Art Imitates Life (Or Is It the Other Way Around?)
I’m bored already with that new Aesop’s fable, The Intern and the President (the moral of the story — “thou shalt not admit adultery” — being one we’ve heard a million times before). News flash: Old Powerful Man Sleeps With Pretty, Impressionable Young Thing. Yawn.
Is the story actually true? It doesn’t matter, does it? TV said it (and keeps saying it ad nauseum), so it must be so. And it’s because so many people think that way that Wag the Dog (starring Dustin Hoffman, Robert DeNiro, Anne Heche) is so scarily plausible.
Wag the Dog‘s prescience garnered some well-deserved guffaws from the audience I saw it with. Just before Election Day, breaking news: a teenage girl alleges that the unnamed and unseen President of the United States, er, dallied with her in a room off the Oval Office. Spinmeister Robert DeNiro needs a diversion, so with the help of presidential advisor Anne Heche and Hollywood producer Dustin Hoffman, he stages a war with Albania that plays out entirely on television. Denis Leary and Andrea Martin step in as what can only be called pop-culture gurus, inventing slogans and merchandise (a la the Gulf War’s yellow ribbons) to fund it all. Willie Nelson conceives a hilariously fake old folk tune to serve as a theme song — and then there’s Army Company 303’s song (that’s Huey Lewis’s doing).
Wag the Dog is satire, no question about it — the wonderful cast positively revels in the absurdness of it all. But I gotta wonder how many people will leave the theater not realizing that the object of ridicule here is not politicians or the media but the American people.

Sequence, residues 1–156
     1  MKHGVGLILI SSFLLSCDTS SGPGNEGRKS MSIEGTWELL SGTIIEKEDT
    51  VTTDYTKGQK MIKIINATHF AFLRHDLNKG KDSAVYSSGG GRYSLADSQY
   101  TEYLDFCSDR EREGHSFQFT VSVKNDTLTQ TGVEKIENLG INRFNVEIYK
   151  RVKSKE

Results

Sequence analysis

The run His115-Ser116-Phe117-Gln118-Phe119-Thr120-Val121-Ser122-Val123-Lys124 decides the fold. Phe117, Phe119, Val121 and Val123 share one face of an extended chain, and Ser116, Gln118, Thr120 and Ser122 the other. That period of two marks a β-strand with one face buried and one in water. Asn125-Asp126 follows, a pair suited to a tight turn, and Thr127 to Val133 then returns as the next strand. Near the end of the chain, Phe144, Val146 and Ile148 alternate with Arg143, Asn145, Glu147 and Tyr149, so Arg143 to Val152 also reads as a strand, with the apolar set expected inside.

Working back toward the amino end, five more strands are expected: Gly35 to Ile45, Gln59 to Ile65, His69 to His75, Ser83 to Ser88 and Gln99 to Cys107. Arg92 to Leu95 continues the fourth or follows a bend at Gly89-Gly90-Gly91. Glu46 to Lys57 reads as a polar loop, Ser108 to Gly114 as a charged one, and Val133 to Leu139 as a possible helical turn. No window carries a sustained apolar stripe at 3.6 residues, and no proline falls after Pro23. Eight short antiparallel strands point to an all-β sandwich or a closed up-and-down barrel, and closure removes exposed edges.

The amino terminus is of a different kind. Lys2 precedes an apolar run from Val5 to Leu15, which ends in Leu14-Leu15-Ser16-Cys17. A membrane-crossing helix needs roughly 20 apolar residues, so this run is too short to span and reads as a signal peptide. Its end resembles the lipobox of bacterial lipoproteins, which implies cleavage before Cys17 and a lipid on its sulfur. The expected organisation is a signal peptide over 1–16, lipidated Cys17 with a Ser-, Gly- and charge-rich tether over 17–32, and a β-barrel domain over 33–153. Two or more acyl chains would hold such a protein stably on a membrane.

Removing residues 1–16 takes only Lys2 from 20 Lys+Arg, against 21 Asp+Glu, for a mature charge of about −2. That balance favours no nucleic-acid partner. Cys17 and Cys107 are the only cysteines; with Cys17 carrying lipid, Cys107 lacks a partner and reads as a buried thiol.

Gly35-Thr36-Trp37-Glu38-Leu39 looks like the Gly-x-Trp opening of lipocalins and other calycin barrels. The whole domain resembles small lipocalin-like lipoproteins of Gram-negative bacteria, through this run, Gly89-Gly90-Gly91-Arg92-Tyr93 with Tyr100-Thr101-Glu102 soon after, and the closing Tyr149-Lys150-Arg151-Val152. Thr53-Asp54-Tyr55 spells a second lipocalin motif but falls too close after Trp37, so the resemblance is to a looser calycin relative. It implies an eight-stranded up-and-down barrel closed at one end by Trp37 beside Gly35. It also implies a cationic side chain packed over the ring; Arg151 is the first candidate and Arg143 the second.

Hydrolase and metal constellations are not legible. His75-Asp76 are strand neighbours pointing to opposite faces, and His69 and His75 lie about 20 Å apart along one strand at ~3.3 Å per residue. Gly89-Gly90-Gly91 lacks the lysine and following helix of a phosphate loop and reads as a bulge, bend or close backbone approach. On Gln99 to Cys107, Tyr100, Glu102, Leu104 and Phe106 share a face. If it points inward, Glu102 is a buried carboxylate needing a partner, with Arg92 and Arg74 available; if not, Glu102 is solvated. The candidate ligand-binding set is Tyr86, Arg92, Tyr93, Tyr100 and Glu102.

Why Albania? DeNiro’s spin doctor is asked. His response: Why not? Nobody knows anything about Albania. And unfortunately, this is the truth. How many Americans bought the Gulf War line that the U.S. was coming to the aid of a democratic Kuwait? How many Americans knew then or know now that only 15 percent of Kuwaiti citizens are eligible to vote?
It’s easy to blame the media: Boo hoo, they lied to us! But unless and until news consumers are able to discern truth from fiction and hold the media accountable, nothing will change. And I firmly believe that most people don’t care whether a news story is true or not, as long as it’s entertaining. Which why news is all blood and guts and body counts and scandal and never tough, complicated stories about the things that really affect us all — in-depth studies of politics and legislation, the search for solutions for poverty and crime and illiteracy, and so on.
The only people that seem to care about the truth these days are conspiracy buffs, and they go overboard in the other direction — “Nothing is true,” they say, “except what we tell you.”
As for myself, I certainly don’t need to hear any more excruciatingly intimate details of the President’s sex life or anatomy, whether real or made up, thank you.